Revista Panamericana de Salud Pública / Pan American Journal of Public Health. 2006 Nov; 20(5):341-346.In September 2000, at the United Nations (UN) Millennium Summit, 147 heads of state adopted the Millennium Declaration, with the aim of reflecting their commitment to global development and poverty alleviation. This commitment was summarized in 8 goals, 14 targets, and 48 measurable indicators, which together comprise the Millennium Development Goals (MDGs), to be attained by 2015. All of the MDGs contribute to public health, and three are directly health-related: MDGs 4 (reduce child mortality), 5 (improve maternal health), and 6 (combat HIV/AIDS, malaria, and other diseases). Progress towards these goals has proved difficult. In an attempt to identify practical steps to achieve the MDGs, the UN Development Programme initiated the UN Millennium Project in 2002. This three-year "independent" advisory effort established 13 task forces to identify strategies and means of implementation to achieve each MDG target, and each task force produced a detailed report. A Task Force on Trade was created for MDG 8 to develop a global partnership for development. The mandate of the Task Force on Trade was to explore how the global trading system could be improved to support developing countries, with special attention to the needs of the poorest nations. (excerpt)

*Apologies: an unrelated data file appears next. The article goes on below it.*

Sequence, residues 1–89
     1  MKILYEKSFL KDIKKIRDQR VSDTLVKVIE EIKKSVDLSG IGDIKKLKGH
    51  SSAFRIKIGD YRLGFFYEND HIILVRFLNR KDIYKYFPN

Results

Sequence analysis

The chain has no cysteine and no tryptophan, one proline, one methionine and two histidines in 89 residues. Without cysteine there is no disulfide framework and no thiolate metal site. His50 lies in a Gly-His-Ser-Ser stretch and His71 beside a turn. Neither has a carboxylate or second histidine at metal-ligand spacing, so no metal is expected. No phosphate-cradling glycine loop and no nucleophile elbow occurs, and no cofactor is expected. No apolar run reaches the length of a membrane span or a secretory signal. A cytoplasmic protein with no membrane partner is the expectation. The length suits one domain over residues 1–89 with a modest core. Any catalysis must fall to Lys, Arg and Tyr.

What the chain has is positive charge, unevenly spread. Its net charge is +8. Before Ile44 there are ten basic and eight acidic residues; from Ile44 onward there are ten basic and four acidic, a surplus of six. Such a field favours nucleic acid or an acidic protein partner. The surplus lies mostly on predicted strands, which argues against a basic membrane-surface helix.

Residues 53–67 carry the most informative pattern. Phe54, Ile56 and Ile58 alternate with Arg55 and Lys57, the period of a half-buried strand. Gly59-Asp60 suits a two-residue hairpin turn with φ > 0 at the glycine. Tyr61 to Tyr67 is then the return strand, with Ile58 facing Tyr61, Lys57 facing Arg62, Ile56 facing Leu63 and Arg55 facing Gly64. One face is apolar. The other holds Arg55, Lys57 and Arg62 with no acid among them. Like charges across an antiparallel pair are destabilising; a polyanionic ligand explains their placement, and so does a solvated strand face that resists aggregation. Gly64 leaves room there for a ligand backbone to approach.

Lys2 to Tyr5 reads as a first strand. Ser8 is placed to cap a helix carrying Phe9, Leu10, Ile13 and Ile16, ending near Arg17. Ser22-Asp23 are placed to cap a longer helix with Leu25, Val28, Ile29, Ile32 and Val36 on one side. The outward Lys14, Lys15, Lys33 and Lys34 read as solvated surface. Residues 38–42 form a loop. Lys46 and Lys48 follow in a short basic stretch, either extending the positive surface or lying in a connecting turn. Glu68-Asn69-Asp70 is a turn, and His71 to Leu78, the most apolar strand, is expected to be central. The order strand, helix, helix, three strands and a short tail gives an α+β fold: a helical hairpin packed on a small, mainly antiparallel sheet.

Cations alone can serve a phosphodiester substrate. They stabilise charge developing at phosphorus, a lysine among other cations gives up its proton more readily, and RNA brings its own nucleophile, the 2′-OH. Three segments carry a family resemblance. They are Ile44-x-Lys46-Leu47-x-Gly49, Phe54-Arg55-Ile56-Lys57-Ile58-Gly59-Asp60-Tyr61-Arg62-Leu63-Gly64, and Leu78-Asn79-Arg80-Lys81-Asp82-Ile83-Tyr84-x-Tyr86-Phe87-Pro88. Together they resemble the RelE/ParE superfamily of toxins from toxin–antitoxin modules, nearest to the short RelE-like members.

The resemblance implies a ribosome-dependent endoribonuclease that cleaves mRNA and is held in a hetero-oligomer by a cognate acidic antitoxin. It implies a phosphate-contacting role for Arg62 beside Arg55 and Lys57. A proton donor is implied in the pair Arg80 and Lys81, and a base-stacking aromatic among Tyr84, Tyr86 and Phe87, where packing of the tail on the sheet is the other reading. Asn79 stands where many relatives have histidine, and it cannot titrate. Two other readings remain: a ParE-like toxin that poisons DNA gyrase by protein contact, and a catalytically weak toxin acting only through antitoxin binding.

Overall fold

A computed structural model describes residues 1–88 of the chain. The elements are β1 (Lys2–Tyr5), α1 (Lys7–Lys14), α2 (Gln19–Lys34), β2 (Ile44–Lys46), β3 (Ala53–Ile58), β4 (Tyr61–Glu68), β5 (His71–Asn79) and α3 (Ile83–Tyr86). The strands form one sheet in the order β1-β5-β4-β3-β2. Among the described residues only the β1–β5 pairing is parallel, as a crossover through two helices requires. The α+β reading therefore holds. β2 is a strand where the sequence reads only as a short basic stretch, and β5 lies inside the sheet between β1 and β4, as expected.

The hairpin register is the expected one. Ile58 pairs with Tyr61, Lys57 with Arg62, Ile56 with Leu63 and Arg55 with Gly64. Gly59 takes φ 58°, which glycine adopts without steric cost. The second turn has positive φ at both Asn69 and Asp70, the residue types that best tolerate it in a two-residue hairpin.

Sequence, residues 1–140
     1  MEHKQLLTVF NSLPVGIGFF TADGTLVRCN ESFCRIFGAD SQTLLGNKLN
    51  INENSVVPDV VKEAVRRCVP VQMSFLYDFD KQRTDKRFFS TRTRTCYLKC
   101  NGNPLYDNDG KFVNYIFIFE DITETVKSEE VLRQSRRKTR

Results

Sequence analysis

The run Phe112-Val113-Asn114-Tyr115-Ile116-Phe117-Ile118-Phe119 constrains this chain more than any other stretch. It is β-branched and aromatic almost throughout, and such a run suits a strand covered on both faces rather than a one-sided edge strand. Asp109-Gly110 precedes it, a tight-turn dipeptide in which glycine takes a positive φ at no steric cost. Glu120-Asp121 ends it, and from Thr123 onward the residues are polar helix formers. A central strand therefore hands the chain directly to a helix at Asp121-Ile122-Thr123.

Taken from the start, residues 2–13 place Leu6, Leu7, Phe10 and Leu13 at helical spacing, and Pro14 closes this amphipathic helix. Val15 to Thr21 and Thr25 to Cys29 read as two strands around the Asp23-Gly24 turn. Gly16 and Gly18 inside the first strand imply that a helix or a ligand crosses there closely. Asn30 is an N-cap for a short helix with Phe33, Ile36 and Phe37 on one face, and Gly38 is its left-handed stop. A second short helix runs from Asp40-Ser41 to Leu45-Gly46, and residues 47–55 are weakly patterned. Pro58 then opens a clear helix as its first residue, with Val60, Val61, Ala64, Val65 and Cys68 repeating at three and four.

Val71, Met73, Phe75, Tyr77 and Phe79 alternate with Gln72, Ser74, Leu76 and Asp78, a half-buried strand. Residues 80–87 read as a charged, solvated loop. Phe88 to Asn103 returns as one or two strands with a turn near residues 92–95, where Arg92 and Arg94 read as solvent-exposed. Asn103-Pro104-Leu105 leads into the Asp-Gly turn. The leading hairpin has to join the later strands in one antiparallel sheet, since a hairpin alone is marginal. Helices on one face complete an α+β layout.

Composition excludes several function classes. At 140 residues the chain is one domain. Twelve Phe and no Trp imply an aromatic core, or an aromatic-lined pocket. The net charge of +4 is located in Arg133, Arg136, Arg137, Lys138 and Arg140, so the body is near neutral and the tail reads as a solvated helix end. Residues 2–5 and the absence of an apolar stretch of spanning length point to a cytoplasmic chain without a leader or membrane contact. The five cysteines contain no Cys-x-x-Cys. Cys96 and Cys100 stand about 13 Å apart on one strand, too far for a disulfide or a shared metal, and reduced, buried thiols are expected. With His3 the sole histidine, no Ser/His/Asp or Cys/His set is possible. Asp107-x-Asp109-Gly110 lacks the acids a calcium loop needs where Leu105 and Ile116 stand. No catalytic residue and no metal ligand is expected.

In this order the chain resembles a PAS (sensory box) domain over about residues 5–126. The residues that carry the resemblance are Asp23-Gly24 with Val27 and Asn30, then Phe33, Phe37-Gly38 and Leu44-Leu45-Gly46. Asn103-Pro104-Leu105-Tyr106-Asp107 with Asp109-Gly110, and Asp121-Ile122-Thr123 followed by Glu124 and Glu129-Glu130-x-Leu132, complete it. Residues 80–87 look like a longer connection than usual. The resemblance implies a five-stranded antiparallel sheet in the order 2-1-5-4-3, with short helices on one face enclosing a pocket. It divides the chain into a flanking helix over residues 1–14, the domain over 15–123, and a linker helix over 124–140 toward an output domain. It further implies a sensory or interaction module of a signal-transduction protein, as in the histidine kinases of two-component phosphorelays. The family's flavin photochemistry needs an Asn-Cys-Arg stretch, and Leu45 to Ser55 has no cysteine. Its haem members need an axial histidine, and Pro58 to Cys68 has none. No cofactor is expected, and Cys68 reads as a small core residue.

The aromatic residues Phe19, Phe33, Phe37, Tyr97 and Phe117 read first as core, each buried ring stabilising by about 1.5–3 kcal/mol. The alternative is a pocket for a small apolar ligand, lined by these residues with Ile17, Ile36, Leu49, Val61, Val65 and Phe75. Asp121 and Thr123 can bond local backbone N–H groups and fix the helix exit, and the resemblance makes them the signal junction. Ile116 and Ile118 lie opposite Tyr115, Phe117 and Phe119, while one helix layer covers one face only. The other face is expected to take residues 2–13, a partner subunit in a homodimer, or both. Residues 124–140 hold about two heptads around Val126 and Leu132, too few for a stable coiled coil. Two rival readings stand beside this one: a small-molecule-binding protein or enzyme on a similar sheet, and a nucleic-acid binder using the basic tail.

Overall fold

Washington, D.C., World Bank, 1990. 21 p. (Social Dimensions of Adjustment in Sub-Saharan Africa Working Paper No. 9)This paper starts with a look at the pattern of public expenditure in Africa during the adjustment decade, paying particular attention to the social sectors. It concludes that the poverty focus and the poverty reduction impact of public spending in Africa is very low. The reasons for this include a lack of funds for nonwage recurrent expenditures in core economic and social services, inadequate intrasectoral resource allocation from a poverty reduction point of view, and public expenditure management inefficiencies. Absolute levels of expenditure on essential services are low in Sub-Saharan Africa compared with richer countries. It is therefore concluded that increases in financial resources to support anti-poverty programs are needed in Africa. But raising the poverty focus of governmental expenditures also requires changes in the within sector and the functional composition of public spending, as well as improvements in the factors which hamper the effectiveness of program delivery. (author's)